Speaking points of WSSD Special envoy Mr Jan Pronk
08 February 2002

sqb_t.gif (55 bytes) Last October, the Secretary General appointed me as Special Envoy for the World Summit on Sustainable Development. As I was involved in Rio nearly ten years ago as a Minister for Development Cooperation (currently, I am the Dutch Minister for Housing, Spatial Planning and the Environment) in 1992, I gladly accepted the Secretary General's offer.

sqb_t.gif (55 bytes) My Primary task is to call on heads of State and Heads of Government and to invite them to the Johannesburg Summit. On behalf of the Secretary General, I inquire about their political views on the WSSD, about their national coordination prior to the conference, about their expectations from Johannesburg, and about possible commitments they inte4d to make in Johannesburg.

sqb_t.gif (55 bytes) I report about my findings to the Secretary General, but let me emphasize that the real work is being done here, during the PrepComs, and based on the regional meetings that were held earlier. The Secretary General wants the WSSD to be prepared by you, with the political seal from the capitals.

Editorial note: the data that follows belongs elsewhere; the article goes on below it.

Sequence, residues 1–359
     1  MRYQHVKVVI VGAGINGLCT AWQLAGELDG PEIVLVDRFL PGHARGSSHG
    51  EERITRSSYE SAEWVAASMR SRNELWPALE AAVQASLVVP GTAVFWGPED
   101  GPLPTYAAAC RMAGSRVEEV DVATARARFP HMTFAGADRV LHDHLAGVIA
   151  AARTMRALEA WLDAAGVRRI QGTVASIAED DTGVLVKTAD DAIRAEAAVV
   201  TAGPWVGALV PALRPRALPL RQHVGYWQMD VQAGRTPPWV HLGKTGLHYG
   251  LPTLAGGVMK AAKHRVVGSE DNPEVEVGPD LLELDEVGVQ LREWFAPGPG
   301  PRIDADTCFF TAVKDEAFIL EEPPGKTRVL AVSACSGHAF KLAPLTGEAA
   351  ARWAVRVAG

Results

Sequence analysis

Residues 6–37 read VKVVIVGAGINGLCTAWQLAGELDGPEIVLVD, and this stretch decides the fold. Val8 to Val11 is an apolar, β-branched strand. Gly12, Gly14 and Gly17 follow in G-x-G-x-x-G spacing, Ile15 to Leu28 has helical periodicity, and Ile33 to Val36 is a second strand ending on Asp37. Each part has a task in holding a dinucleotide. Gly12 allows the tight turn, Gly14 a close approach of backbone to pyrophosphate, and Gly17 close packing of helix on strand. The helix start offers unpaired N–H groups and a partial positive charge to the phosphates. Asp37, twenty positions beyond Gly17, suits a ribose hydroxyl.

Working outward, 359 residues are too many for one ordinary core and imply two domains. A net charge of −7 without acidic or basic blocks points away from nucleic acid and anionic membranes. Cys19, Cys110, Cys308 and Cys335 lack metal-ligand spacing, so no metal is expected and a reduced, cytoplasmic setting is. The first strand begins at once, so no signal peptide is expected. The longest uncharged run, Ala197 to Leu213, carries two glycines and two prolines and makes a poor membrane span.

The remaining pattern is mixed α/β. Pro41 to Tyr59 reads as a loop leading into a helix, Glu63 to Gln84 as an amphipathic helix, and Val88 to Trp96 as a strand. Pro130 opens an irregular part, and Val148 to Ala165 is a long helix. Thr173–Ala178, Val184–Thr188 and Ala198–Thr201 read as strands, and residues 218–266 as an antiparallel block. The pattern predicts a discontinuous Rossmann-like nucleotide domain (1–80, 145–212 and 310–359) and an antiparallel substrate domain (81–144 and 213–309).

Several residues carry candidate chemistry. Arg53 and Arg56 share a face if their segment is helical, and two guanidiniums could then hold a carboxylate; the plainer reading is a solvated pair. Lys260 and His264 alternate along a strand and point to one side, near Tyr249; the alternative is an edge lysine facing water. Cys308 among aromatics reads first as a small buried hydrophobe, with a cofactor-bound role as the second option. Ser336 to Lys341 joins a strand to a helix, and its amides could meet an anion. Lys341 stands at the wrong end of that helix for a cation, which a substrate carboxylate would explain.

sqb_t.gif (55 bytes) The Secretary General has requested me to express the following concerns to my interlocutors:

sqb_t.gif (55 bytes) If the Summit is to be called a Summit, Heads of State and Heads of State and Heads of Government must make every effort to participate.
sqb_t.gif (55 bytes) For the summit to be a global summit, no countries should be absent. As a result, a globally agreeable agenda must be negotiated outcomes.
sqb_t.gif (55 bytes) Although Johannesburg is the follow up to Rio, it is not a conference on environment, but on sustainable development, including economics, social affairs, and the environment. Too few people realize that even today.
sqb_t.gif (55 bytes) Johannesburg will be more than a review of Agenda 21, Although much has been achieved since Rio (Kyoto, treaties on desertification and biodiversity), many areas of Agenda 21 still lag behind in implementation. In Johannesburg, apart from focusing on what went well and what went wrong, will have to decide on those aspects of Rio that have been forgotten.
Simultaneously, there is a need to look forward. There are trends and developments which were not so prominent ten years ago in Rio and which should be included today. The impact of globalization, new technologies in genetics and communication, new violence such as new types of wars and terrorism, was not decisive then as it is now. All these issues need to be addressed if a Sustainable Development is to be relevant.